Doctor of Philosophy (PhD)
First Committee Member
Number of Pages
Film and fiction are the sister arts of the twentieth century. Like any family, their relationship has not always been a tranquil one, but no other combination of arts over the last century has inspired the amount of debate and dialogue that they have, both in and out of academia. Beginning with George Bluestone's seminal Novels into Film (1957), academic involvement with film and fiction have primarily used two modes of comparative studies: adaptation and stylistics. The first compares a novel to its cinematic adaptation and the second compares a particular literary form with a cinematic technique. Although both approaches are helpful ways of understanding film and the novel, comparative studies foreground a reliance on the theorist's ability to construct a set of similarities and differences between the two mediums. As an alternative, I propose that a careful examination of the literary representation of cinema can produce several productive insights into the relationship between the two arts while avoiding the impressionistic pitfalls of comparative studies; Although I organize this project historically, I do not rely heavily on historical analysis. Instead, I attempt to identify key moments or turning points in the history of writing-cinema and provide close-readings that ultimately come together to produce an overall narrative of the changing nature of film, film theory, and the way these changes are portrayed in the novel. First, I place my argument within historical image/text debates and contemporary discussions concerning cinema and the novel. Then, I trace the various means by which film and film theory are represented in the American novel, beginning with Henry Leon Wilson's Merton of the Movies (1919) and ending with Mark Danielewski's House of Leaves (2000). I continue with two close readings of Robbe-Grillet's Last Year at Marienbad (1961) and Robert Coover's The Adventures of Lucky Pierre (2002), two works that use cinema as a means of defining and governing the novel's universe while also allegorizing a our own increasingly media-saturated culture. In the concluding chapter, I offer a cinematic response to my first four chapters by examining movies that ask the viewer to read on screen. Beginning with the intertitles of silent cinema and moving into diegetic images of text, I explore the commonly conceived function of text as a means of applying temporal order in cinema and suggest that even the earliest films to use text both subvert and challenge this role. Using Freud's model of the "Mystic Writing Pad" as an model and Christopher Nolan's film Memento (2000) as an example, I argue that these images of writing can repress as much as they seem to reveal, ultimately challenging the supplemental function that text is often assigned; As a whole, this dissertation provides a close reading of several artifacts that are linked by the manner in which cinema and literature represent one another. It offers a formal and even somewhat historical alternative to comparative studies in adaptation and stylistics, and although it is primarily grounded in American novels, it presents an excellent starting point for extending the investigation into world literature and cinematic representations of the novel; All images and film stills in this project pass the four factor balancing test and are therefore covered under the Fair Use Guidelines described in the Copyright Act of 1976, 17 U.S.C. Ã‚Â§ 107.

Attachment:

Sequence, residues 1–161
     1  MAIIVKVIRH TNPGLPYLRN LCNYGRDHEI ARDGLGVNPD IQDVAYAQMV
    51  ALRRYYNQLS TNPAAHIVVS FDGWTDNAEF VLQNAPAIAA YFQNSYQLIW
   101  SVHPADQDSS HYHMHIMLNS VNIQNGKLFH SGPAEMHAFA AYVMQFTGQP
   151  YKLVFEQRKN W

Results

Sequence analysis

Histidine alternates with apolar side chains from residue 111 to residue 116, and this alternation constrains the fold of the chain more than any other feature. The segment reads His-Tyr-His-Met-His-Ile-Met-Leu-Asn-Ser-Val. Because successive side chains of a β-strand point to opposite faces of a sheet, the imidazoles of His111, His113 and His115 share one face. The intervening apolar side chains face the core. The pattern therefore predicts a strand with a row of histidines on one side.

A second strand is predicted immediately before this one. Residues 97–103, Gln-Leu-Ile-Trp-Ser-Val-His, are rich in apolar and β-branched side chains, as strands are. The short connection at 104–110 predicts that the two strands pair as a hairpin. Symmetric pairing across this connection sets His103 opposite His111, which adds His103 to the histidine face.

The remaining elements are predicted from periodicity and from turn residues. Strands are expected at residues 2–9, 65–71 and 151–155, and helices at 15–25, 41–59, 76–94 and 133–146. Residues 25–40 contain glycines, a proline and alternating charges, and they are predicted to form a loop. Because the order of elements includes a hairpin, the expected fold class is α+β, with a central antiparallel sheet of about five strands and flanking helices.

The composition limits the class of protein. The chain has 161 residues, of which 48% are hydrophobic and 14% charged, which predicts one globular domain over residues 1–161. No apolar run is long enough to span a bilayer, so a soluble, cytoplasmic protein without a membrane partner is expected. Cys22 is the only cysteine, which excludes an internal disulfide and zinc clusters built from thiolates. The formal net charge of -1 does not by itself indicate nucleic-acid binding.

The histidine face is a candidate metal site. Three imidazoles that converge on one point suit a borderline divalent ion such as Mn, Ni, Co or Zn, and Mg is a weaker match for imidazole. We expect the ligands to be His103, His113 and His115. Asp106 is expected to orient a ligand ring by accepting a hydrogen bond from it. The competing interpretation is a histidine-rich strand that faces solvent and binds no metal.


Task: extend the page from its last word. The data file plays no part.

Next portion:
American Literature; Cine-romans; Cinema; Cinematic Style; Coover, Robert; Danielewski, Mark; Deconstructive Theory; Film And Literature; Image/text Debates; Novel; Robbe-Grillet, Alain; Wilson, Henry Leon; Writing
Comparative literature; American literature; Motion pictures--Study and teaching
University of Nevada, Las Vegas
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Robinson, Gregory, "Writing cinema: Film in the novel from Wilson to Coover" (2008). UNLV Retrospective Theses & Dissertations. 2805.